We recently ran into one major issue with programming; programmers, comment your code! There’s nothing worse than, on build day, your script breaking the game but you’re unavailable to come in and work so your teammates have to decipher your franken-code and try to solve the issue. Commenting increases readability for anyone who needs to take a quick glance at your code, and it can be a quick refresher of what your code means when you look back at it in 4 months. It’s a quick summary that can save you a lot of time in the long run.

Overall, our Bibles have been invaluable. I’ve personally gone back time and time again if I ever had a question on a naming convention/UV layouts. Without a dedicated color palette our art would look entirely different. The Art and Programming Bibles are the glue that holds our project together. Coherence is created in our game with both of these documents.

Thanks for listening, and I hoped you’re as excited to see the textures in-game as we are here at Two Hat Games!

Ronnie Smith

Part artist, part programmer

The Journal & Menus

Menus are a huge part of a game even though they may not be seen as significant as gameplay or mechanics. A game without menus well… would not be very functional! Menus allow the player to pause, restart, end, or make vital changes to the game, such as screen resolution or sound volume.

Last sprint Adam Toth, lead artist, designed the journal menu. This menu stores all the evidence that the player collects while playing the game. The player has access to important evidence that they may need to revisit later, either solely out of interest or to grasp a better understanding of the story. The journal also contains a dynamic map that reveals itself once areas are explored. Without a map a player could easily get lost in the game, not knowing where they are. However, since this is a noir game we wanted to add mystery to the locations that the player has not yet explored. Unexplored areas on the map are represented by question marks, as seen in the image below. The map was designed by Will Falk, design lead. The room that the player is currently in highlights.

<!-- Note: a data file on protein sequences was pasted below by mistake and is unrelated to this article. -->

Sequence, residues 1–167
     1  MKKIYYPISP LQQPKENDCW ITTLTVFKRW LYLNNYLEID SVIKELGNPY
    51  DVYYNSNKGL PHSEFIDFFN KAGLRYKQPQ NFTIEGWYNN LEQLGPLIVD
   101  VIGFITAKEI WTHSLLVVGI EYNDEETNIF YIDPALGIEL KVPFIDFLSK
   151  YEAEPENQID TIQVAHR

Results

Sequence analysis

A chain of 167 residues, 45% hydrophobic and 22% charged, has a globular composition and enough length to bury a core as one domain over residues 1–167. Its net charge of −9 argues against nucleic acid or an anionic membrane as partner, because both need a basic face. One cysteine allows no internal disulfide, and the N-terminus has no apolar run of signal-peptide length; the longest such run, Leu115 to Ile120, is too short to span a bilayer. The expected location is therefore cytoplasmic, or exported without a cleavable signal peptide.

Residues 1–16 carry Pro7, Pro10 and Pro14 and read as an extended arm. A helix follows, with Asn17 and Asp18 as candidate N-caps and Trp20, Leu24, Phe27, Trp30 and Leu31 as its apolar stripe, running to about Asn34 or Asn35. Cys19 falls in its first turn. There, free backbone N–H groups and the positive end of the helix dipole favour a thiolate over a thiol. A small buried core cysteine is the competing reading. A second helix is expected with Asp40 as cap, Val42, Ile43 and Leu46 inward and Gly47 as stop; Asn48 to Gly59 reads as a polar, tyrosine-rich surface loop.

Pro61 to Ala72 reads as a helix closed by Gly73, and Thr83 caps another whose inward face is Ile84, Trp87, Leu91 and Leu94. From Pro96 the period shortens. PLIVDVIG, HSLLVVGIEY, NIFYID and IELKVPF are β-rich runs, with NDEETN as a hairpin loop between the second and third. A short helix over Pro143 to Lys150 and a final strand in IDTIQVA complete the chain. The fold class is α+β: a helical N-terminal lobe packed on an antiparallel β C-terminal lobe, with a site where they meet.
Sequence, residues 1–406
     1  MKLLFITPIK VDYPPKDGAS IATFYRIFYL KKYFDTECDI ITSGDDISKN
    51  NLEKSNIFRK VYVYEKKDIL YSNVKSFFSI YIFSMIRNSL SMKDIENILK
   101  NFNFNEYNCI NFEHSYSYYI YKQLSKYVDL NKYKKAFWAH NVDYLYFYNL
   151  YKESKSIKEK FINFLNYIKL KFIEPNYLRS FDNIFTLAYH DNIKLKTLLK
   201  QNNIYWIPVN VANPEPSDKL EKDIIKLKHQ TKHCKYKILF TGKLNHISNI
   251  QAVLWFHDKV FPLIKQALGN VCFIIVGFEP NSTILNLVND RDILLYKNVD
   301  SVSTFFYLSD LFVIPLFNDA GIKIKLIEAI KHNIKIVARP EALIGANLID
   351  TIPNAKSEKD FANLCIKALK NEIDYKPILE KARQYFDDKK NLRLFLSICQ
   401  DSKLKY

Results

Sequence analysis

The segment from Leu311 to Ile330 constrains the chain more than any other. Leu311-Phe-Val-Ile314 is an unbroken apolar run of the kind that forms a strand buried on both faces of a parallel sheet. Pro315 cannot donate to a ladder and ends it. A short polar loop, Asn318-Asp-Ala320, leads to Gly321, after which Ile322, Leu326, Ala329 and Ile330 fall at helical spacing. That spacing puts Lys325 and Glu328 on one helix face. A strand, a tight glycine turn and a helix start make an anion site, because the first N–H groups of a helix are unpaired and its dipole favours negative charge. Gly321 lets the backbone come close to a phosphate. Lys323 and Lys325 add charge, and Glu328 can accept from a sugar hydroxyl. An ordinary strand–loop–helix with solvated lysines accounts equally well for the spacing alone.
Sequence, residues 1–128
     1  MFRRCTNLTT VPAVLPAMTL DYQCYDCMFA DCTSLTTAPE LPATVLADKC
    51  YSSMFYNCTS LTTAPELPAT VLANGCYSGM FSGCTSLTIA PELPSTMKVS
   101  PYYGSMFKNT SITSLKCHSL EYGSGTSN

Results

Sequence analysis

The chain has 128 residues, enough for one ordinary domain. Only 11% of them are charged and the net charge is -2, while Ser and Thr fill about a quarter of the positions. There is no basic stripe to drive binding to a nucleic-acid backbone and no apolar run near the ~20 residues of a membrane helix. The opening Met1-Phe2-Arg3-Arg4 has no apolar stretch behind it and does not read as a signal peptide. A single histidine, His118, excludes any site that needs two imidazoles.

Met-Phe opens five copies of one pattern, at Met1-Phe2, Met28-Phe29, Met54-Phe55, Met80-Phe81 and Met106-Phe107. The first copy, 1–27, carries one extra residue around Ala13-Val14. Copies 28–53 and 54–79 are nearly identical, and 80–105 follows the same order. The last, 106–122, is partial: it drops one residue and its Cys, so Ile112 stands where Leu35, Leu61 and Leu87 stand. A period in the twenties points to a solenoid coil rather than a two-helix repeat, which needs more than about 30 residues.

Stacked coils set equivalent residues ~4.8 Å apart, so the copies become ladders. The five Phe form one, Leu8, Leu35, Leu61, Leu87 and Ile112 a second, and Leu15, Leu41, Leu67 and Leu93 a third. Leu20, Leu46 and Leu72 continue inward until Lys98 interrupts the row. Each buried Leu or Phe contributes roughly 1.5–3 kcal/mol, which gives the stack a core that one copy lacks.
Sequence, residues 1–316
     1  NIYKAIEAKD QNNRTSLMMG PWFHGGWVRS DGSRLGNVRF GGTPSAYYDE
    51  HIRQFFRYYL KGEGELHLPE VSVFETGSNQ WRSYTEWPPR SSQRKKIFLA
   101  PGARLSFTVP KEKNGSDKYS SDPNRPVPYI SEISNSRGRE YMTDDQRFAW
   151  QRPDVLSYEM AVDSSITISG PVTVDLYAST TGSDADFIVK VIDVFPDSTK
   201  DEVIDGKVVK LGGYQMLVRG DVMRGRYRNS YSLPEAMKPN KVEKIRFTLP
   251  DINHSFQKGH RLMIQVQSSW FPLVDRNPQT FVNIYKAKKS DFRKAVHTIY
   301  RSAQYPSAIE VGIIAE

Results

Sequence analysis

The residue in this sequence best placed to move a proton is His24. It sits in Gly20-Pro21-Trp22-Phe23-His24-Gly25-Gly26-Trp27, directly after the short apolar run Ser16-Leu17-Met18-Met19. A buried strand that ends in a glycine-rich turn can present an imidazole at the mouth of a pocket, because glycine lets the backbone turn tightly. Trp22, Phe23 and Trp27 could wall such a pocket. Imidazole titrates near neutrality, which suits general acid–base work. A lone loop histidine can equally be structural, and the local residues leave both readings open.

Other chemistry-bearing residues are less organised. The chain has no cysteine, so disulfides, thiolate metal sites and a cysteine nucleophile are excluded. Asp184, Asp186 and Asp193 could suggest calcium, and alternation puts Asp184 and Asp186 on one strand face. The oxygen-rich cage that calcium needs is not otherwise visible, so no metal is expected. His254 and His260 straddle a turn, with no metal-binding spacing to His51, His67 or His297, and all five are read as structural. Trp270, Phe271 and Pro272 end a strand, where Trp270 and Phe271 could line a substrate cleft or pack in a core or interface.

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Once the level is fully explored it will reveal all the room names.

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The player can also click on the journal tabs to access other features within the journal. The tab to the right of the map is the objectives. This menu displays the current objective on the bottom left hand side and completed objectives on the right page. The image below is a prototype of the objectives page.

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The left most tab contains the evidence that I mentioned above. It currently looks like the image below and will soon be populated with evidence documents for the player to examine.

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Below is a rough prototype that Adam designed. When a document is clicked on, it will pop up and the player can read at it. After the player is done reading the document it can be minimized and will return to the evidence tab of the journal. The story tab, which is the rightmost, will function similar to the evidence tab.

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The pause menu is separate from the journal and can be accessed by pressing “esc” on the keyboard. The player can save the game or load a previous save. Game settings can be changed and currently include sound volume and mouse sensitivity. More options might be added in the future. The player can also go back to the main menu or exit the game through the pause menu.

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The last menu in Building 37 is the main menu! But, I will leave that as a surprise for when you experience the game.

 

Thanks for reading!

-Ally Schultz